Delivered items can include letters, packets and parcels and may contain explosive or incendiary devices, sharps or blades, offensive materials, chemical, biological or radiological (CBR) materials or devices. Anyone receiving a suspicious delivery is unlikely to know exactly which type it is, so procedures should cater for every eventuality.
A delivered item will probably have received fairly rough handling in the post and so any device is unlikely to function through being moved, but any attempt at opening it may set it off. In contrast, even gentle handling or movement of an item containing CBR material can lead to the release of contamination. Unless delivered by courier, an item is unlikely to contain a timing device.
Delivered items come in a variety of shapes and sizes. a well-made one will look innocuous but there are many possible indicators that a delivered item may be of concern. Bulky deliveries (e.g. office equipment, stationery and catering supplies) are also a potential vulnerability. This risk can be reduced through measures such as: matching deliveries against orders, only accepting those which are expected. using trusted suppliers wherever possible. maintaining vigilance. inspecting deliveries.
Although any suspect item should be treated seriously, remember that the great majority will be false alarms and a few may be hoaxes. Try to ensure that your procedures, while effective, are not needlessly disruptive. A properly conducted risk assessment should give you a good idea of the likely threat to your organisation and indicate precautions you need to take. seek advice from your local police Counter Terrorism Security Adviser (CTSA) on the threat and appropriate protective measures.
Ensure that all staff who handle and open mail and other deliveries are and remain aware of the possible indicators that a delivered item may be of concern, and the appropriate action upon discovery of any suspicious delivered item. While this advice applies particularly to staff in post rooms, it is also relevant to all staff who may be the recipients of such items, as well as staff at entrances who may receive hand and courier delivered items.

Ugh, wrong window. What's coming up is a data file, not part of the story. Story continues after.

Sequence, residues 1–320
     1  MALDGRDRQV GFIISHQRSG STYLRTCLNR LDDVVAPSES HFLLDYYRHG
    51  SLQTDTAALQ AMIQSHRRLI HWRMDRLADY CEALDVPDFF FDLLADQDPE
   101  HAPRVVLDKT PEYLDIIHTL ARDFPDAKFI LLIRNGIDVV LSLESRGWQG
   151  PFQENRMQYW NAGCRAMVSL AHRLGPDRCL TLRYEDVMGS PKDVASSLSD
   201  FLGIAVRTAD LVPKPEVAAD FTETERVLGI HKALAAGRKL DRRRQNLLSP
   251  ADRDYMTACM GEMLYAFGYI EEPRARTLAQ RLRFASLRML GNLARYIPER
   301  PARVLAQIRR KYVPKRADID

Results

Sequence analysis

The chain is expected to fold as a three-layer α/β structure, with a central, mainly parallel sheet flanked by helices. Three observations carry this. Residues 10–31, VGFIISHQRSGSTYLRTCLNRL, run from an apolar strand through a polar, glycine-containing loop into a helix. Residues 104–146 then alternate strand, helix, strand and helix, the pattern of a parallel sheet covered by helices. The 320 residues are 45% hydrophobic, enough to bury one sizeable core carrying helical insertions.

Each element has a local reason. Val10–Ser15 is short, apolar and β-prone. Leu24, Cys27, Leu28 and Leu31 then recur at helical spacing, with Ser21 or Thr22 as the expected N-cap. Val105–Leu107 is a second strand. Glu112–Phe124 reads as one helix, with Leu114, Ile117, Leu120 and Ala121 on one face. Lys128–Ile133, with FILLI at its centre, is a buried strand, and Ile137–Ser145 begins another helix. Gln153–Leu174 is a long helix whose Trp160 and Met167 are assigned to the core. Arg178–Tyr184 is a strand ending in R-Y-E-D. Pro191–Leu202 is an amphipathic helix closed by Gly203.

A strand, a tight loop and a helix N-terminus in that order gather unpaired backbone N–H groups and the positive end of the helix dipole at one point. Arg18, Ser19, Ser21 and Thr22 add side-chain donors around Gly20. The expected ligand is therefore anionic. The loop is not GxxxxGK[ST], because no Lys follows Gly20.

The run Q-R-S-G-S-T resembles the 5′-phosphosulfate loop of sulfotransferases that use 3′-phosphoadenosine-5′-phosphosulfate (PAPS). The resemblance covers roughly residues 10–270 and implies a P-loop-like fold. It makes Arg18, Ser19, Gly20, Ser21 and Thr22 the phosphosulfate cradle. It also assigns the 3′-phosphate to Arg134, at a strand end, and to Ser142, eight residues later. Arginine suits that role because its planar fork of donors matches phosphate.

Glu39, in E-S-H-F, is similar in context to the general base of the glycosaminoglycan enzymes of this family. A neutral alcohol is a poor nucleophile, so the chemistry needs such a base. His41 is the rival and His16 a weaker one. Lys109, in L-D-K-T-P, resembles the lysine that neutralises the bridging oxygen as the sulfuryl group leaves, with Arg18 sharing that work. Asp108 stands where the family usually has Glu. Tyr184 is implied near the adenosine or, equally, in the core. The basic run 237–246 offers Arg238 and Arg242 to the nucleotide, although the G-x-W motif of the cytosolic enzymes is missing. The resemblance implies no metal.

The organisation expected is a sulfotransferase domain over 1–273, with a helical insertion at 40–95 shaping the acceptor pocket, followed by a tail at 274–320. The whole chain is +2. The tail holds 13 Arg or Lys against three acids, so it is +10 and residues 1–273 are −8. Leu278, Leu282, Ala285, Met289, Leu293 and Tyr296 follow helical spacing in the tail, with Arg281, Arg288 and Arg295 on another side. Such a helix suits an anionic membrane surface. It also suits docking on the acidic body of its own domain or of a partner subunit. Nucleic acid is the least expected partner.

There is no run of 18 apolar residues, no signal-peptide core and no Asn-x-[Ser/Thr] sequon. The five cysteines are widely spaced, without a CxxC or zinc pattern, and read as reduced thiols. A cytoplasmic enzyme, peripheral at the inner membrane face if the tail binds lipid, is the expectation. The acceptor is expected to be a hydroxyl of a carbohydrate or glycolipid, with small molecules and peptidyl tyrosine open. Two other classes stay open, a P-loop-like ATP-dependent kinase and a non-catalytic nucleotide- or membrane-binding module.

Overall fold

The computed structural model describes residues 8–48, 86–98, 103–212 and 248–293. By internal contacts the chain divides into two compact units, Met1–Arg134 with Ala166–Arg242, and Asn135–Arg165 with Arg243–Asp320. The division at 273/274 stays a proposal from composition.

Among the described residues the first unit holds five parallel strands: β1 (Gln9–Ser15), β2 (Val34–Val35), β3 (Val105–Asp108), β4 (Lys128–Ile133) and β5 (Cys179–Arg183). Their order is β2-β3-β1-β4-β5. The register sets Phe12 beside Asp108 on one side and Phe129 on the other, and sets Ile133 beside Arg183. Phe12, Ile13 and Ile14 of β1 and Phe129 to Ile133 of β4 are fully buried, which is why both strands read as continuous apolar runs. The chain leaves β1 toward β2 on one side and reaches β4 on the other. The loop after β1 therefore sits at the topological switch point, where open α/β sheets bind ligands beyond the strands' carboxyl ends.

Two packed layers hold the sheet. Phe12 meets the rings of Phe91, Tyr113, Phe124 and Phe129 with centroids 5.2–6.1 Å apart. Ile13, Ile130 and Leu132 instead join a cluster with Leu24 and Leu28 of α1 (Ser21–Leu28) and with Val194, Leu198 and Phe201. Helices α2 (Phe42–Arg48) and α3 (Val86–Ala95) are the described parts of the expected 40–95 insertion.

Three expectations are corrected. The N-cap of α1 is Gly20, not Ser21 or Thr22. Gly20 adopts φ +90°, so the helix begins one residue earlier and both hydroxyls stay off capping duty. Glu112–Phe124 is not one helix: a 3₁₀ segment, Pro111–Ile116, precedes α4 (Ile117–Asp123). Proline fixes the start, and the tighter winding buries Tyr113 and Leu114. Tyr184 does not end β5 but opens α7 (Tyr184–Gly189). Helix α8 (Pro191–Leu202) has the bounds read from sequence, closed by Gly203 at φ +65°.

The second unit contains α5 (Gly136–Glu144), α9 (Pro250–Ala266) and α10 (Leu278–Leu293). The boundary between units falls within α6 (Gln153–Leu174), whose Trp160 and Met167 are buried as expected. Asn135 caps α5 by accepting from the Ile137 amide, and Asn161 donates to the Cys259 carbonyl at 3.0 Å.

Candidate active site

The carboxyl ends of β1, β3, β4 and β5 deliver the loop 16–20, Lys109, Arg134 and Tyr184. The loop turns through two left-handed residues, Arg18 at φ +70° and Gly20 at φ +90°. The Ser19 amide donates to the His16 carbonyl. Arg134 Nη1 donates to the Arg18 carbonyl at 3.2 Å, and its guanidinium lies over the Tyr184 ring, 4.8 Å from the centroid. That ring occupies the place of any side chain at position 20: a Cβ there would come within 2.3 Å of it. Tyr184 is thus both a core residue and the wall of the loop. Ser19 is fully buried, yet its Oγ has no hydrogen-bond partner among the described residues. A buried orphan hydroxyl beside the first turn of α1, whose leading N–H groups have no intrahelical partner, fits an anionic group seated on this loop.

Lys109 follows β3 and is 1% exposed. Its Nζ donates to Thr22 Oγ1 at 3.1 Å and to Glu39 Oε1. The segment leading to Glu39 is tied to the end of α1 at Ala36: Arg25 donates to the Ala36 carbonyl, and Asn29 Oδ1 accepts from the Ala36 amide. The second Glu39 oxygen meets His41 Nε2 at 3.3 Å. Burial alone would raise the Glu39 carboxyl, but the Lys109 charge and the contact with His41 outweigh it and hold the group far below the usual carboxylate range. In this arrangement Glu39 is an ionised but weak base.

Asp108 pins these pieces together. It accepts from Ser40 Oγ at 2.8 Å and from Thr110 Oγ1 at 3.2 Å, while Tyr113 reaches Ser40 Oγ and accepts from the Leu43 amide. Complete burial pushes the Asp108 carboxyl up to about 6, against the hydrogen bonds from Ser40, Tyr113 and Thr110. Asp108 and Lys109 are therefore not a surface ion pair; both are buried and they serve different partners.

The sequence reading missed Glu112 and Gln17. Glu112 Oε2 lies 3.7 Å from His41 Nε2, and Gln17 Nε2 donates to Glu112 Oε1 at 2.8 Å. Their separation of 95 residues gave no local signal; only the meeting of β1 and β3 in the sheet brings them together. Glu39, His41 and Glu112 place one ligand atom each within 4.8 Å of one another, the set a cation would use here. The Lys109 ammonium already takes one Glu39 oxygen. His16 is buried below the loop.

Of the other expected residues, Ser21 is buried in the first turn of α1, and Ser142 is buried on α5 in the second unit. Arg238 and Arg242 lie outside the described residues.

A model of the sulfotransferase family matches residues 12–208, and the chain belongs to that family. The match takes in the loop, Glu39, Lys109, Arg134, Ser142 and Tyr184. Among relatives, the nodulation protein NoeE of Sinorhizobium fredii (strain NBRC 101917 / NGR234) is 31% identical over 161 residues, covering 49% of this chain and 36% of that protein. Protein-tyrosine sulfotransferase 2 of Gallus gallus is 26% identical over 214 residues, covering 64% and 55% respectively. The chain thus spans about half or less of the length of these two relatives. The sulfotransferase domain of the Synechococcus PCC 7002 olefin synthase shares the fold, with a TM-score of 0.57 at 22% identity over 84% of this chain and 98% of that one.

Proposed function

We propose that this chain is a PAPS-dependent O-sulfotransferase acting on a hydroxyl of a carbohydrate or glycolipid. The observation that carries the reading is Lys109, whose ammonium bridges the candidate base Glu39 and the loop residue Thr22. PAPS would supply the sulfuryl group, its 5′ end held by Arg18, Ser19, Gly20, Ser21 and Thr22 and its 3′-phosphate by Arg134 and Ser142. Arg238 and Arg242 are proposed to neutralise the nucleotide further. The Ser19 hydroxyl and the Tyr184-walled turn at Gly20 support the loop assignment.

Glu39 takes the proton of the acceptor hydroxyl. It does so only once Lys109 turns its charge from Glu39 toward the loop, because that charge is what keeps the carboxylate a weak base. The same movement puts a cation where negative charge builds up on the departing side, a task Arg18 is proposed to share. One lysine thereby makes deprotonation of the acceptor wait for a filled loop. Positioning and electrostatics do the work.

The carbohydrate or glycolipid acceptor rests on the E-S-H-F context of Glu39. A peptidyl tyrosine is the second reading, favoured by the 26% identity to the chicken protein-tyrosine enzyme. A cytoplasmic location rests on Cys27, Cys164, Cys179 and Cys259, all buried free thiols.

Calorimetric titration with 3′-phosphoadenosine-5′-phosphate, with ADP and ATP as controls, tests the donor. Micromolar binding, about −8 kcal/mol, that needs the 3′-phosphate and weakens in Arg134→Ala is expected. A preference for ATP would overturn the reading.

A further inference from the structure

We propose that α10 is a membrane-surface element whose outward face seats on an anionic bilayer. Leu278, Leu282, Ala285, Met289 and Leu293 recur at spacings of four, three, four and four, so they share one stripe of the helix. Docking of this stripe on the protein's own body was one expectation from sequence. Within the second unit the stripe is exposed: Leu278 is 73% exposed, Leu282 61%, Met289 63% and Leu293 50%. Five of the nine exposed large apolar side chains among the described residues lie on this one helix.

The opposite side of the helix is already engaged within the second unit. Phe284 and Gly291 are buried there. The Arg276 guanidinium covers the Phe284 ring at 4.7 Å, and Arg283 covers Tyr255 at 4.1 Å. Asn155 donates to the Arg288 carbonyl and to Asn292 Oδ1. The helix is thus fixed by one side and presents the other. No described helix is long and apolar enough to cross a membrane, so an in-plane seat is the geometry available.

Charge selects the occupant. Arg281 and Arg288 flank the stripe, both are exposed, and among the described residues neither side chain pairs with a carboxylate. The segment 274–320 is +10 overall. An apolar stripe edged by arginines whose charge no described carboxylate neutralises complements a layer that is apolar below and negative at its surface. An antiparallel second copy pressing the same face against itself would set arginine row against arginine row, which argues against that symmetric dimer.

Train staff who open significant volumes of post to do so with letter openers and with minimum movement, to keep hands away from noses and mouths and always to wash their hands after such work. Staff should not blow into envelopes or shake them.
There is much debate about the use of washing and shower facilities in the event of the release of a suspected CBR material. What is best to do in this regard depends on the nature of the material – the emergency services are best placed to make such judgments. Advice on initial action upon discovery of any suspicious delivered item therefore excludes such advice but recommends that those directly affected are moved to a safe location close to the incident, keeping these individuals separate from those not involved. The only instance where thorough washing is advised is if an individual suffers discomfort following contact with what appears to be a corrosive solid or liquid. copious amounts of water should be used.Encouraging regular correspondents to put their return address on each item, and in particular to provide advance warning of